Arkansas Supreme Court Justice Karen Baker has announced that she will seek reelection to a third term.
Baker's decision was revealed Thursday night by the news website Talk Business & Politics. The justice sent the Arkansas Democrat-Gazette a link to the website's story Friday morning, then Friday evening emailed a news release to the newspaper.
"I believe my experience at every level of the judiciary is unmatched and I am currently the senior, most experienced justice, on the Arkansas Supreme Court. I want to continue to put that experience to work for the people of Arkansas," Baker said in the news release.
Previous attempts over the past couple of months to contact Baker about her reelection intentions were unsuccessful.
Baker has served since 2011 after she filled a vacancy on the high court in a special election in 2010 in which she defeated Circuit Judge Tim Fox and Evelyn Moorehead. Baker completed the term of Justice Annabelle Imber, who retired in 2009.
Baker, who serves in Position 6, won reelection in 2014.
Baker, of Clinton, received a bachelor's degree from Arkansas Tech University and a law degree from the University of Arkansas at Little Rock's William H. Bowen School of Law.
The justice served as a circuit and juvenile-court judge before she was elected to the Arkansas Court of Appeals.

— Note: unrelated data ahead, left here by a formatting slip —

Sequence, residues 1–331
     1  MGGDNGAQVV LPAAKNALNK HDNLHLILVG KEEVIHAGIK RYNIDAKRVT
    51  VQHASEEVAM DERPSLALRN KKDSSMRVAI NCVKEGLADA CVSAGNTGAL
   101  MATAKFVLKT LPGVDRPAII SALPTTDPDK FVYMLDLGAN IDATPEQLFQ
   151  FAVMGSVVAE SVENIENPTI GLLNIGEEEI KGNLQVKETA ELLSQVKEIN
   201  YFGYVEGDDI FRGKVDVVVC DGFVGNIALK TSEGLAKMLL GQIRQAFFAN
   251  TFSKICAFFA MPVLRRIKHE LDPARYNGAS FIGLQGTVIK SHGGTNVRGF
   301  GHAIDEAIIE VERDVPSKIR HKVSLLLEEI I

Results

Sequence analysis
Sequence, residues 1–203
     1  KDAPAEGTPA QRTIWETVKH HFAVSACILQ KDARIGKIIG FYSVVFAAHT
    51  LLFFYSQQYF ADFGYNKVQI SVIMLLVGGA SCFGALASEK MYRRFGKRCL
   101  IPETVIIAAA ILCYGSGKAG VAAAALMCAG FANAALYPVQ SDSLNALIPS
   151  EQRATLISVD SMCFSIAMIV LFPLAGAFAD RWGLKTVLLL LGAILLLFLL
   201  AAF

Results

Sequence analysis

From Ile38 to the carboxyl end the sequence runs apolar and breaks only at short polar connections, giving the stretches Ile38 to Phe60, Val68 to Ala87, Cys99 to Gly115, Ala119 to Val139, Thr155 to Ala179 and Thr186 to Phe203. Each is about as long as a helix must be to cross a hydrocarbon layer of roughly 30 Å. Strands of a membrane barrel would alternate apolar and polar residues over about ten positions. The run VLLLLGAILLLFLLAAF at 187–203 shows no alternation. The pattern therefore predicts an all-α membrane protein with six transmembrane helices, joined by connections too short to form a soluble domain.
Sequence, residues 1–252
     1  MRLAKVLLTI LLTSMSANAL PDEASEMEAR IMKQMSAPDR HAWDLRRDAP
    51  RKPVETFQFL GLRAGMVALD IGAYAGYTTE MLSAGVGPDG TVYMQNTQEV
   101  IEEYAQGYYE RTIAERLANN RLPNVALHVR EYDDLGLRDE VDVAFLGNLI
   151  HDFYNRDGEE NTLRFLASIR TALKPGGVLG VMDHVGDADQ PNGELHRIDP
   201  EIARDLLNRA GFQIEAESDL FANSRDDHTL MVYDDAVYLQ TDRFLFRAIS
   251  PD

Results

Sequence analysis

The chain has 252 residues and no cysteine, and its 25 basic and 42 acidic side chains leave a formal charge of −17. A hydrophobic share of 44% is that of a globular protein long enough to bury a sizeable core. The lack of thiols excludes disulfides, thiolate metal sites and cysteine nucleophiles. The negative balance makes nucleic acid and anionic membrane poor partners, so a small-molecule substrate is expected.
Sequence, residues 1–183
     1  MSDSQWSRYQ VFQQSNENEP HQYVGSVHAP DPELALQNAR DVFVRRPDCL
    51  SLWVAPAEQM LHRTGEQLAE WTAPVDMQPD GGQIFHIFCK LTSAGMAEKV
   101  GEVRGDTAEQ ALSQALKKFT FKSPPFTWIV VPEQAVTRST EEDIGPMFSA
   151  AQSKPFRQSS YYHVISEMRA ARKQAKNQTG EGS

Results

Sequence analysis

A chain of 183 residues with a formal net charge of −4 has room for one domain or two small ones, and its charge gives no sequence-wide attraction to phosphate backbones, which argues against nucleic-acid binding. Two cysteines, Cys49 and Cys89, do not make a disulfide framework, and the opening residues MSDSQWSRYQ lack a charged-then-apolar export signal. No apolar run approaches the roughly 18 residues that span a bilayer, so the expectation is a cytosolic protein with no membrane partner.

Baker told the Democrat-Gazette on Friday she hasn't filed a campaign financial report yet because there was no reason to at this time. The deadline for state office candidates to file those reports was earlier this week.
Circuit Judge Gunner DeLay, who is a former state lawmaker, prosecutor and district judge, also seeks Position 6.
The Fort Smith judge reported raising $31,135 in the fourth quarter for his 2022 campaign. He also listed $5,549 in expenditures and $20,100 in loans in the fourth quarter, leaving his campaign with a balance of $45,685.78.
DeLay had 48 donations, with some exceeding $2,000 each. The largest donations were $2,900 each and these contributors include: Jered Medlock, an attorney; Mike Holland with Rufnex; Cliff Cabaness with CMS Asset Management Financial Investment; and Jobs and Growth political action committee.
State Supreme Court positions have staggered terms, so not all seven justices are up for reelection in the same year.
The filing period for candidates for state and federal offices in Arkansas is Feb. 22-March 1, with the primary election and nonpartisan judicial general election held May 24, according to the secretary of state's office.
Associate justices are paid $190,126 a year, while the chief justice gets $205,324 a year.